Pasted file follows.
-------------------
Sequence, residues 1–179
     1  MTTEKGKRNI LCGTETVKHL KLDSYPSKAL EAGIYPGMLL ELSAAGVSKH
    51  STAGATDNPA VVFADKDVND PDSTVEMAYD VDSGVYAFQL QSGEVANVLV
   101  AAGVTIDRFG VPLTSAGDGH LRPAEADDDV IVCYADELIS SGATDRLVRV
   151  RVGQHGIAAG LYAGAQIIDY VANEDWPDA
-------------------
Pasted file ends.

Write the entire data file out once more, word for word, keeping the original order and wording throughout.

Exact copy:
Sequence, residues 1–179
     1  MTTEKGKRNI LCGTETVKHL KLDSYPSKAL EAGIYPGMLL ELSAAGVSKH
    51  STAGATDNPA VVFADKDVND PDSTVEMAYD VDSGVYAFQL QSGEVANVLV
   101  AAGVTIDRFG VPLTSAGDGH LRPAEADDDV IVCYADELIS SGATDRLVRV
   151  RVGQHGIAAG LYAGAQIIDY VANEDWPDA